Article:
Solutions are needed from the ground up because the problem stems from the top down. Their solution, when it came at the end of a messy eight days, was obvious: create a lasting strategic plan for women designed by women. So long as the lads accept the recommendations. Stay tuned for an introduction to the administrative careers of Mary Quinn and Su Carty. But first. And to remove any doubt about the sincerity of it all, put not one but two women in charge.
IRFU moves to plot a new way forward after six-month part-time coaching plan backfires
Gerry Beggs is a true stalwart of Irish cycling, having played an instrumental role in the racing careers of cycling legends like Seamus Downey and Tommy Evens. Even after hanging up his own race wheels, he continued to impress on Irish cycling, setting up the successful MyHome. Having raced for Ireland in both the road and track, this quiet yet imposing gentleman infamously won the mile Road Race Championships for five consecutive years.
W hen you are a child, there are a few places that remain special for the rest of your life. For me, it was a ramshackle stadium in Dublin over a hundred miles from the house I grew up in. The journey to get to the old Lansdowne Road on those glorious Saturdays for a Five Nations game with my Dad was rare and cherished. It started with a concerted campaign for my Dad to get tickets for an upcoming rugby international to watch Ireland in the famous old ground in Dublin 4. By international standards, even in the s, the ground was small and shabby. This reflected the Irish rugby team I grew up watching. They were huge lumps of men covered in baggy green jerseys that embarrassingly never seemed to fit them properly, the sleeves always flapping awkwardly at the arms.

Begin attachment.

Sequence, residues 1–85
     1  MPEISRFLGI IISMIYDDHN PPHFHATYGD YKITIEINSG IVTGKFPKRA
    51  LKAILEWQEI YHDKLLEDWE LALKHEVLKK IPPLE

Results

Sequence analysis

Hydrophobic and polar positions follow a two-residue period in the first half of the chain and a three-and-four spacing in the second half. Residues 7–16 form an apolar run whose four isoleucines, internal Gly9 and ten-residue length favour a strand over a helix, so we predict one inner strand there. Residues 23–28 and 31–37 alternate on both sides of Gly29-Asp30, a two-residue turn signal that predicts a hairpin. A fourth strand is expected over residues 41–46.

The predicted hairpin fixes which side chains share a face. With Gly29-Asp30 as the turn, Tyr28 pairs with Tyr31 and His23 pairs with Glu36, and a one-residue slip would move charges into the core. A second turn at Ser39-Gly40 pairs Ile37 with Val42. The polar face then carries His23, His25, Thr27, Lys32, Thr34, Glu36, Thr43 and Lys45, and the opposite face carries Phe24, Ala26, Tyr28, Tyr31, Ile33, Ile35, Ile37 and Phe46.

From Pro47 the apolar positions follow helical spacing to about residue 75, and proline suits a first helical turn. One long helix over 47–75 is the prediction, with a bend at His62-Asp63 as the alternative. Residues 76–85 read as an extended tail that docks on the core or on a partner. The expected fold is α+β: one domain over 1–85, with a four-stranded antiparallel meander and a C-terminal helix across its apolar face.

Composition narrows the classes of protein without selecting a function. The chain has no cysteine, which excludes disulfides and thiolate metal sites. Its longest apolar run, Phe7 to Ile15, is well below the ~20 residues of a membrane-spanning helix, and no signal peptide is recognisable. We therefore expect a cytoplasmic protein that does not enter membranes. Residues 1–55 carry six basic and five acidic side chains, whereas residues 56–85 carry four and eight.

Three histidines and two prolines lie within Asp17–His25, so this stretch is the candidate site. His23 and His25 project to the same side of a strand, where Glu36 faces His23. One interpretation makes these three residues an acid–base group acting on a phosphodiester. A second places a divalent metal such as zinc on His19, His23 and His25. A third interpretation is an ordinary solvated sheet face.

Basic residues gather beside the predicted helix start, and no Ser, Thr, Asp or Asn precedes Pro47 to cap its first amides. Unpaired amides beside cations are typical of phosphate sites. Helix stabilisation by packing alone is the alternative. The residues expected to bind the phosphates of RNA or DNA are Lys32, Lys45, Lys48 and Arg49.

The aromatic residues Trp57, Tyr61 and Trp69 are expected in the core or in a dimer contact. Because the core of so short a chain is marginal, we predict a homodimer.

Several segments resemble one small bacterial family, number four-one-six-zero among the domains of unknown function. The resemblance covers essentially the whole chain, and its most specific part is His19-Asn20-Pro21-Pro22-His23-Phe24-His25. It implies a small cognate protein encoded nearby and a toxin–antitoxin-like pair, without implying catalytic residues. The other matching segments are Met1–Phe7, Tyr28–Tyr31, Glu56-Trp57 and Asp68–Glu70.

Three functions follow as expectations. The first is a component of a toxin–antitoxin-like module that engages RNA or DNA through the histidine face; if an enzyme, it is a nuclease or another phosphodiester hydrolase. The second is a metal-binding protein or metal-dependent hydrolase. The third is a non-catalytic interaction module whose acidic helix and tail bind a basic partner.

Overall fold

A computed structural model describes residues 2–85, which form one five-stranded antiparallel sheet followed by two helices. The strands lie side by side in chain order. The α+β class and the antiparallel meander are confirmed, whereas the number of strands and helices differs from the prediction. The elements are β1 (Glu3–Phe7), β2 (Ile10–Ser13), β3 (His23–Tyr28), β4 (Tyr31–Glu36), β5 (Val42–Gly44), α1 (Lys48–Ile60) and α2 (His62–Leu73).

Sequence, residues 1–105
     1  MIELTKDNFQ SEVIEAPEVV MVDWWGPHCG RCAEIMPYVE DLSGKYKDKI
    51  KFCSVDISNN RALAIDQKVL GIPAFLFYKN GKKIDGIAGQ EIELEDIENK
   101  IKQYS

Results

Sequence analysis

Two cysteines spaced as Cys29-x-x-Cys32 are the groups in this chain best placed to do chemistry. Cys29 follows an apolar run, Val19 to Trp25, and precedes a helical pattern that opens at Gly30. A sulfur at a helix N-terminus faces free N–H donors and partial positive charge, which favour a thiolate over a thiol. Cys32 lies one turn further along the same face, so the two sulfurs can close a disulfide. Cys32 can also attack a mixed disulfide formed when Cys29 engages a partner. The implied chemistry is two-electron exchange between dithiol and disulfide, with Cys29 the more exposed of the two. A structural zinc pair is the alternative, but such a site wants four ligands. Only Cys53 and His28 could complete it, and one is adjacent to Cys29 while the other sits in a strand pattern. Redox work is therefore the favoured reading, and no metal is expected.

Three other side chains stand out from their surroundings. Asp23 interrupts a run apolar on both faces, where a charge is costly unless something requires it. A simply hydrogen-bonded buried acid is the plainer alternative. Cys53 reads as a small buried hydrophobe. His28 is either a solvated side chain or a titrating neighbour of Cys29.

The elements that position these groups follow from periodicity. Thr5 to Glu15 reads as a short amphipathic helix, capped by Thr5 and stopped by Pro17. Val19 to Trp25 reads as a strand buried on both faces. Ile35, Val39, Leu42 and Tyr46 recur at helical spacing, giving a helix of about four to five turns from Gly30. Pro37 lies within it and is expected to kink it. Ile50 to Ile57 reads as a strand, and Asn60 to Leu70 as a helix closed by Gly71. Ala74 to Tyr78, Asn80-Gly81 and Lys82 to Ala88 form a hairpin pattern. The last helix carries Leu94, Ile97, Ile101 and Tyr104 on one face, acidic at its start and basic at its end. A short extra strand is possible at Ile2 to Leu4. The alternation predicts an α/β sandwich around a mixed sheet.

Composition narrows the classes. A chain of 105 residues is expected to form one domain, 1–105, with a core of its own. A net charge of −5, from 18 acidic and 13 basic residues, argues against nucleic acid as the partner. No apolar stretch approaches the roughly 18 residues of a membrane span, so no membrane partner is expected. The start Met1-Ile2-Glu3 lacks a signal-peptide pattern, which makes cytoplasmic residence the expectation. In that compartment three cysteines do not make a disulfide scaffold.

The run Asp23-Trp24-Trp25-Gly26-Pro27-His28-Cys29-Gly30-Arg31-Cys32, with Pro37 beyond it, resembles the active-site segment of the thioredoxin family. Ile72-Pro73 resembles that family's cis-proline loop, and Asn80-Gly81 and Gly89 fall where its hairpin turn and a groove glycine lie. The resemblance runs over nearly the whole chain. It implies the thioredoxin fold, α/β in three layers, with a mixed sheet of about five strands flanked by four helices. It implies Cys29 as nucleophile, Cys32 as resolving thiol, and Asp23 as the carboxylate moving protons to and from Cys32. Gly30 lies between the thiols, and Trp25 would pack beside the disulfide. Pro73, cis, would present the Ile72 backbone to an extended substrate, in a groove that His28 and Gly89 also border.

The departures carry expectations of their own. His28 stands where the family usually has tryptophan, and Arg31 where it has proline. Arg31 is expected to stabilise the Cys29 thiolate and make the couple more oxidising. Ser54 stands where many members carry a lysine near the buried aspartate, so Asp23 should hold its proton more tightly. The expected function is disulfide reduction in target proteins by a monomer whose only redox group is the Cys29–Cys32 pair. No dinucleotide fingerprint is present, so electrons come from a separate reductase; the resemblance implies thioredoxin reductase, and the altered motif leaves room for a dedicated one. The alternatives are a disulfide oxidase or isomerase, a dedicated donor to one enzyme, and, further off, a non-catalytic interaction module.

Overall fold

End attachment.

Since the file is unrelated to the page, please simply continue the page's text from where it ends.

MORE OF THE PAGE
AFTER an underwhelming riven by post-Rio in-fighting and the general lull that comes in the wake of an Olympics where such huge expectations fell well short, the past 12 months have seen Irish boxing get back on track in some style. Indeed, it was fitting that it was Harrington who provided that cherry-on-the-cake moment in New Delhi. After years of living in the shadow of the great Katie Taylor, Harrington laid claim to the lightweight gold that had so often found a home around the Bray woman's neck. The year-old Dubliner boxed brilliantly throughout, gathering momentum as she navigated each step on the road, culminating in that cool, calm and clinical display against Thailand's Sudaporn Seesondee in the decider. With the Olympic cycle leading towards Tokyo commencing from this point forth, Harrington's timing could hardly have been better. The wind at her back, she looks destined to lead the Irish charge for Japan.